I have been reading up on US Presidential elections recently – or, to be accurate, I have been trying to find articles on recent elections, but have been disappointed with the poor quality of analysis done by scholars. What has happened, not only during the Bush Administration, but the Clinton Administration before it, is that researchers have discovered that “peer review” can be a very lenient thing if your peers share the same biases you carry yourself. And no, that’s not to say that the researchers lean one direction politically, nearly so much as it seems they are always looking for hot new trends, and therefore little testing of assumptions is made. The 2004 election, therefore, has seen little serious examination, and given the present position I would argue that leaves room for a more open and productive discussion. I would be arrogant indeed if I proposed that I could write the definitive examination of that election, so I will simply attempt to add to the discussion, and for that I have simply been looking at the hardest of numbers, popular vote results. Strange as it may seem, even the most experienced of election analysts may forget that the election of the President of the United States is not one election, but is dependant on the results of 51 separate state and district elections. Consequently, while it may be more difficult to evaluate and even more so to explain, the separate results from each state and the District of Columbia must be evaluated in distinction.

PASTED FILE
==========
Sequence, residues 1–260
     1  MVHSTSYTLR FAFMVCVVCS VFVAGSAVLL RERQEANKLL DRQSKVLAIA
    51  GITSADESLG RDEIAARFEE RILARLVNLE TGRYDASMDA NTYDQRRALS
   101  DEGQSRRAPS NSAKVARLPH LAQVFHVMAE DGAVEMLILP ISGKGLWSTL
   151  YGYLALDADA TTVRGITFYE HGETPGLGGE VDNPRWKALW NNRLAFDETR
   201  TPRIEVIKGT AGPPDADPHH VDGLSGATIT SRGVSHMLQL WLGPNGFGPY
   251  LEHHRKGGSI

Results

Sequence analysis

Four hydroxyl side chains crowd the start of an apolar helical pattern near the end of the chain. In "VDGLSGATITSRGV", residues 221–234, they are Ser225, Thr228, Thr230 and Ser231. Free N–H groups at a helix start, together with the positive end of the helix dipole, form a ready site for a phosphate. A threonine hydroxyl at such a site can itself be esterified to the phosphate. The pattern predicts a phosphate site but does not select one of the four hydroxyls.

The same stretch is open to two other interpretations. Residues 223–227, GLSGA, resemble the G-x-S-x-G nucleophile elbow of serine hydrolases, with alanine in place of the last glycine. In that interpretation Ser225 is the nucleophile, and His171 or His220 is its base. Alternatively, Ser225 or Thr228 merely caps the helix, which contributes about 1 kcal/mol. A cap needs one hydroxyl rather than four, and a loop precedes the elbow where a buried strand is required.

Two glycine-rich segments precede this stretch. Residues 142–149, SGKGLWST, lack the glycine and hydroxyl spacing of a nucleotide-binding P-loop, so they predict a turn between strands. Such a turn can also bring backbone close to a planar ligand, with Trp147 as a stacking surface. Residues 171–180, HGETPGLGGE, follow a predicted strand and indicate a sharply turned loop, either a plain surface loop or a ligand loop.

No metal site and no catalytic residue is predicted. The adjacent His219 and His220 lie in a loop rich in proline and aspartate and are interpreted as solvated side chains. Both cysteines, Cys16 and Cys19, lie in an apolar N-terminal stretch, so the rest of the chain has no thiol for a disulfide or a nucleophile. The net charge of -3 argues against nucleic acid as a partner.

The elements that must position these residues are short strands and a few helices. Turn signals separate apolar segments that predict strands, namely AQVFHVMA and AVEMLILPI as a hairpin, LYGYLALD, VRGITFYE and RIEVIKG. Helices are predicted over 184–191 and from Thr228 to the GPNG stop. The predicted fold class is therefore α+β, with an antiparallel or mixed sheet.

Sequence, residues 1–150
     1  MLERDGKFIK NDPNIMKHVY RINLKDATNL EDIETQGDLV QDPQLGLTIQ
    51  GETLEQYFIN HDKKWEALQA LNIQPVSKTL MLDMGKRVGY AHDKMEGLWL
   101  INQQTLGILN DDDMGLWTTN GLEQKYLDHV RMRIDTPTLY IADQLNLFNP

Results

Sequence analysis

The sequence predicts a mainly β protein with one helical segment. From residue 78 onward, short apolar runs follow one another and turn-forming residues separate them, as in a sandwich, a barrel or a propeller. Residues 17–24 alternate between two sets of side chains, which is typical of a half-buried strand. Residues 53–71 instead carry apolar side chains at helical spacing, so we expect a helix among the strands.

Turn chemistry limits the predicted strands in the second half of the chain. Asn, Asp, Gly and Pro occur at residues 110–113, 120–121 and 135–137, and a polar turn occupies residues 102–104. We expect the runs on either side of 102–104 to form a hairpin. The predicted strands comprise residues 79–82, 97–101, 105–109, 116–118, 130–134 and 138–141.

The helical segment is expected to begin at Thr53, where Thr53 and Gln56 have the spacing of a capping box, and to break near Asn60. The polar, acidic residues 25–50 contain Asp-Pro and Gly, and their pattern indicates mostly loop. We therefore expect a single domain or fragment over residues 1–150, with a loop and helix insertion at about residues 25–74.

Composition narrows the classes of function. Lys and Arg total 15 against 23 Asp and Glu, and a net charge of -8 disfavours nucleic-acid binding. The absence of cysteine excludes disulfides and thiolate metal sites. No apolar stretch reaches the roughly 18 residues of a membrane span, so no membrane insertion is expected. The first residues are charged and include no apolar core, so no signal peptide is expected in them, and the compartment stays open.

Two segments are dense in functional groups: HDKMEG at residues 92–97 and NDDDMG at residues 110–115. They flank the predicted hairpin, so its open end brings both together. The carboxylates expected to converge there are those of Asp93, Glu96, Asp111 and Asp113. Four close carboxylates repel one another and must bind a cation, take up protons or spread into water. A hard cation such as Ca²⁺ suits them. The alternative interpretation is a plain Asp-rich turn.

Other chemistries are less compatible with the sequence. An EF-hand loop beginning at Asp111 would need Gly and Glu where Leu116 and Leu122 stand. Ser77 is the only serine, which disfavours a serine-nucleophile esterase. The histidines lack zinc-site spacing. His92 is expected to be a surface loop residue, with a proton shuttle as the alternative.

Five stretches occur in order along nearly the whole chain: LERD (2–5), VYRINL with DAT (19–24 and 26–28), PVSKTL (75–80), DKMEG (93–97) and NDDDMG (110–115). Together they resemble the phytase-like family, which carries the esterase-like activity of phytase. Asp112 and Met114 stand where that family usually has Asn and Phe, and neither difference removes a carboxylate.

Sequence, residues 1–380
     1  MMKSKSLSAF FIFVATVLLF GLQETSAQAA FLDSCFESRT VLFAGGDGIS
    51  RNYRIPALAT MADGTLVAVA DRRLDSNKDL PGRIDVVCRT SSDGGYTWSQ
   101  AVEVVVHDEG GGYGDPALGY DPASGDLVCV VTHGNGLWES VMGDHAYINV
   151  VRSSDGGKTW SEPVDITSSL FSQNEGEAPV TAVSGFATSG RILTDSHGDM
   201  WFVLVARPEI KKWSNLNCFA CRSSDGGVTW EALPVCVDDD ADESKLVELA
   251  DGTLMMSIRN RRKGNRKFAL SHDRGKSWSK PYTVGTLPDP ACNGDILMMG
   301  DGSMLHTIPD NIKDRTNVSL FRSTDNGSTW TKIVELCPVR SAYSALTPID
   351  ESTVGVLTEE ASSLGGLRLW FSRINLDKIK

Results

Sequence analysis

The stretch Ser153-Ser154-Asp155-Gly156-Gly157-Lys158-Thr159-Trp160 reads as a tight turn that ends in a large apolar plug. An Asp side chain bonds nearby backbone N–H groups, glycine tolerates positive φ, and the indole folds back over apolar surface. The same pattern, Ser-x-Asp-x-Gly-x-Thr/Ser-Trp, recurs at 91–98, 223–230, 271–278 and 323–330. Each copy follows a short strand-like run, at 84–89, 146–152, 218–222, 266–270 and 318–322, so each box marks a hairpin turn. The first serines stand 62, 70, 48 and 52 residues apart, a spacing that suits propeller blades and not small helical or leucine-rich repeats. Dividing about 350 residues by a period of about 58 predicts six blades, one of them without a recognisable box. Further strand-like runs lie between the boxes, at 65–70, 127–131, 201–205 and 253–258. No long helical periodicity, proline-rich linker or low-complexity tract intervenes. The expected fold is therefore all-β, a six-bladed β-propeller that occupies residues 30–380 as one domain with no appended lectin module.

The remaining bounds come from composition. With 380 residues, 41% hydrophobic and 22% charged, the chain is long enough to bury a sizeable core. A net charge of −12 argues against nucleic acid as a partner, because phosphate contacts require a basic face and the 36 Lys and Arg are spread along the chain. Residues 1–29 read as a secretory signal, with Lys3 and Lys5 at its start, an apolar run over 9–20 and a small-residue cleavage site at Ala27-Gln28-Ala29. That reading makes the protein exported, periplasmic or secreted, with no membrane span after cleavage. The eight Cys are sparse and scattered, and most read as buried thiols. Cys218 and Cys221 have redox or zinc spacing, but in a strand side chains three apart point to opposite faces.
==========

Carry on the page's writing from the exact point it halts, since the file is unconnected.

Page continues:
One of the most obvious things from the 2004 election, was that both the Republican and Democrat candidates enjoyed more votes than their nominees enjoyed in 2000; turnout was obviously superior for the national totals. But a more interesting result occurs, when the percentage of the popular vote each candidate collected is considered for each state. Of the 51 contests, the Democrats’ candidate improved his share of the popular vote in 21 states, maintained the same proportion in 11 others, and was lower in the remaining 19 states. The Republicans’ nominee improved his share in 43 states, maintained the same proportion in 6 others, and was lower in just 2 states. This illustrates both the frustration in the Democrats’ camp, as well as their myopia; both parties were able to improve their share of the popular vote in 2004 from 2000 in 13 states, because the increased focus on partisanship reduced interest in minor-party candidates. Therefore, improvement in the share of the popular vote in a state did not necessarily mean winning more states. The Democrats failed to understand this at the time of the election.
The results of the 2006 mid-term elections show the same effect in another light; the increased partisanship meant that if one major party suffered a loss of confidence in voter support, the other major party would benefit by that margin, which is what happened. The Democrats remained focused, and voters who supported Democrats in 2004 did so again in 2006. However, demoralized Republicans failed to support GOP incumbents to the degree they did in 2004, and this was the decisive margin in many contests. The demonstrated lesson of heightened party polarity is that driving voters to the major parties by reason of a “crucial” decision, requires the same or greater effort to get out the vote in subsequent elections, and at some point the effort must invariably fail, generally at the cost of the party in control. Whether this effect is only general or will also apply to the White House contest in 2008, must be considered according to the needs of that event. The purpose of this article is to show that this effect exists; subsequent analysis may or may not display evidence for trends or prediction.